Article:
Cheyney noted that while someone may live next to a farm for many years doesn’t necessarily mean that land is zoned agricultural. For example, a farm that was sold last year to John F. Martin and Sons in Millcreek Township had been zoned commercial since the 1970s. The fact that it was zoned commercial is why the Lancaster-based company targeted that specific farm.
Read More: John F. Martin & Sons purchases Millcreek Township farm for $5.15 million
“People who are developers, in most situations, are looking at land that’s already zoned in the way that they want to use it. They try at all costs to avoid getting land rezoned and take the path of least resistance,” said Cheyney. “People don’t realize that the land they’ve seen farmed for the past 10 years might not be zoned for agricultural use. People need to look at a zoning map to see what the use of that land actually is.”
LebTown asked Cheyney whether residents have the ability to change the zoning designation of land within their municipality. That is a complex question that does not have a clear-cut answer.
“Does a private citizen or private party have the ability to present a zoning map amendment to the township? Yes, they do have the ability to petition the municipality, and each municipality will have guidelines as to what that petition looks like,” noted Cheyney.
What happens next is where the process can be somewhat unclear.
“The municipality may or may not choose to follow up and do the procedural thing to look at that request – that’s at their discretion,” added Cheyney. “Does the municipality have to act on that in a specific time frame? No. Do they have to ever act on it? No. I can tell you from experience, however, that when that kind of action happens, most municipalities do go through the process, look at it and do all of the procedural things with that request and make a decision one way or another.”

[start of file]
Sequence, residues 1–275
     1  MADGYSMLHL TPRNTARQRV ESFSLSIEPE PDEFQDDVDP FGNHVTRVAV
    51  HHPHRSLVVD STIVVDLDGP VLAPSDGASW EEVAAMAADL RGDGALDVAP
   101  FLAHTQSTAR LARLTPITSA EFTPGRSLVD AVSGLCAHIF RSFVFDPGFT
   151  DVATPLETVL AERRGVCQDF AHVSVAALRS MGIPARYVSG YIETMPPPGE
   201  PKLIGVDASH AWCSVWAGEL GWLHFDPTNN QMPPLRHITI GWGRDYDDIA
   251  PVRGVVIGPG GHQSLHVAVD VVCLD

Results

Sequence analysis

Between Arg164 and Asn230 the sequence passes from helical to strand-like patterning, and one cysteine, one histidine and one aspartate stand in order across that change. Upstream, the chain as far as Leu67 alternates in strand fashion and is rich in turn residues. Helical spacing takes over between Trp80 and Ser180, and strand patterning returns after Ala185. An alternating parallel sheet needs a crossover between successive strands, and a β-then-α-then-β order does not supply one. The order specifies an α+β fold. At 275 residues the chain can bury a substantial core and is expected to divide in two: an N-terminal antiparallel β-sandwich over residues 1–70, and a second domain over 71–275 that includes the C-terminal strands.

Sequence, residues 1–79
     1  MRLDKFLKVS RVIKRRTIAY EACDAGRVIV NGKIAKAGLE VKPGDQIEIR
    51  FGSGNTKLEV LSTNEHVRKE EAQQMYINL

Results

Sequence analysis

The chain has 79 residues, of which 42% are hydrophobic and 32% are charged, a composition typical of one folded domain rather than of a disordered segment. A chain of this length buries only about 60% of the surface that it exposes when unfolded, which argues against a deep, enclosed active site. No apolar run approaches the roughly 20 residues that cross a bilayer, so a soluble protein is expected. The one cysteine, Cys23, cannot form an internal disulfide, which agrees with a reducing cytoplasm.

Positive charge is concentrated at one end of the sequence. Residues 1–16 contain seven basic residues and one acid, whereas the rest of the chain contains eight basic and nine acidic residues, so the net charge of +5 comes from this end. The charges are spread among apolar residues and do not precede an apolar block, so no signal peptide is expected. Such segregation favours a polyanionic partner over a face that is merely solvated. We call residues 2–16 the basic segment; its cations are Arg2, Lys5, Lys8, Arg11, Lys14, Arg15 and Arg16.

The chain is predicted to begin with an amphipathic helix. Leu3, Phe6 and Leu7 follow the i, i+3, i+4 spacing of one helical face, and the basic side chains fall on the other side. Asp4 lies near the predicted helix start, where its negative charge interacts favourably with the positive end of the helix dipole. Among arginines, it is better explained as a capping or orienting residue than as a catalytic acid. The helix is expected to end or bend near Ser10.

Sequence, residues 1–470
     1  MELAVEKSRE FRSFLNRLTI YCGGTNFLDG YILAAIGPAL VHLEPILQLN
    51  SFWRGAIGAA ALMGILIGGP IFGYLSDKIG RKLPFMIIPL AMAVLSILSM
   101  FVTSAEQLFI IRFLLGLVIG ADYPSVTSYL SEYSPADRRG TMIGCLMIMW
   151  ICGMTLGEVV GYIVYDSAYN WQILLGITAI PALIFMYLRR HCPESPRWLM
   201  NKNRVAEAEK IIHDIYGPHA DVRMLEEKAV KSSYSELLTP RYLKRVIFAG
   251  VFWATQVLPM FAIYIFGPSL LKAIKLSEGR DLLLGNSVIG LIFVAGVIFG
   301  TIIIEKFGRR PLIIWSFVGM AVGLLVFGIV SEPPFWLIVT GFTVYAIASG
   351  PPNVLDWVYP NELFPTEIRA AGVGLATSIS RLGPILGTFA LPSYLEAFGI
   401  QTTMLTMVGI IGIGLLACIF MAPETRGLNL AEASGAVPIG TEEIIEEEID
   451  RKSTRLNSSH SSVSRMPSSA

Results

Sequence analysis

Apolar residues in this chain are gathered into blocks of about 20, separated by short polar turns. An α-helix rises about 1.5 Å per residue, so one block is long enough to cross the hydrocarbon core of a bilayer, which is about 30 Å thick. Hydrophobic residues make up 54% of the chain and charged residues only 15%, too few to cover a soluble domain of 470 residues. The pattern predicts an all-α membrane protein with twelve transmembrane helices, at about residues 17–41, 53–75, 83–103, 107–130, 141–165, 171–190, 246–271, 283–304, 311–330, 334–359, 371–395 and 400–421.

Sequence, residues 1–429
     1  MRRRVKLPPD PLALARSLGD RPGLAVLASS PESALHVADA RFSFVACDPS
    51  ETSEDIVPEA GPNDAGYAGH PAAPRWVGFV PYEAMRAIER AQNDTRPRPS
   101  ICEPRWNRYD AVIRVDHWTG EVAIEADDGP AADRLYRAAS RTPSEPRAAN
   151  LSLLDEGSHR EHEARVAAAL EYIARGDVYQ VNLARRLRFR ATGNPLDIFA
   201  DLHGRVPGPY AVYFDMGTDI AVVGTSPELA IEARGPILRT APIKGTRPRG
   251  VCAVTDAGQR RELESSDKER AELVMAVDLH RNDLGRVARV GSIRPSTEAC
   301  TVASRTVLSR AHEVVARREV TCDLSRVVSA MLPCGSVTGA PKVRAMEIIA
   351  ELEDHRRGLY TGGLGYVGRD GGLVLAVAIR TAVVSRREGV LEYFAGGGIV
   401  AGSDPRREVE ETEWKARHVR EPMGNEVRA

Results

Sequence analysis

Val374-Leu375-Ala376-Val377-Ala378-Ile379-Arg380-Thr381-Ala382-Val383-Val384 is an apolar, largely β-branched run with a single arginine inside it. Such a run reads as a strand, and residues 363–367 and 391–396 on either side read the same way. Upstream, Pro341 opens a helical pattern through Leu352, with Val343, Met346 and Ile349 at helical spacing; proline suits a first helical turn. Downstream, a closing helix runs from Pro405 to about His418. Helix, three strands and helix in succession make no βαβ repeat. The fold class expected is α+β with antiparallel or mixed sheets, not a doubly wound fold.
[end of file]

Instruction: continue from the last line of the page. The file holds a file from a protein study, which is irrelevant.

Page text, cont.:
Cheyney emphasized again that these decisions are made locally and it behooves residents who have development concerns to become active in their municipal government meetings.
“What people do not realize is that most of these decisions that concern them are happening at that local municipal level,” said Cheyney. “They need to go to a council or zoning hearing meeting to learn what’s happening in their backyard. The people you have elected to hold those positions are the ones who are making those decisions.”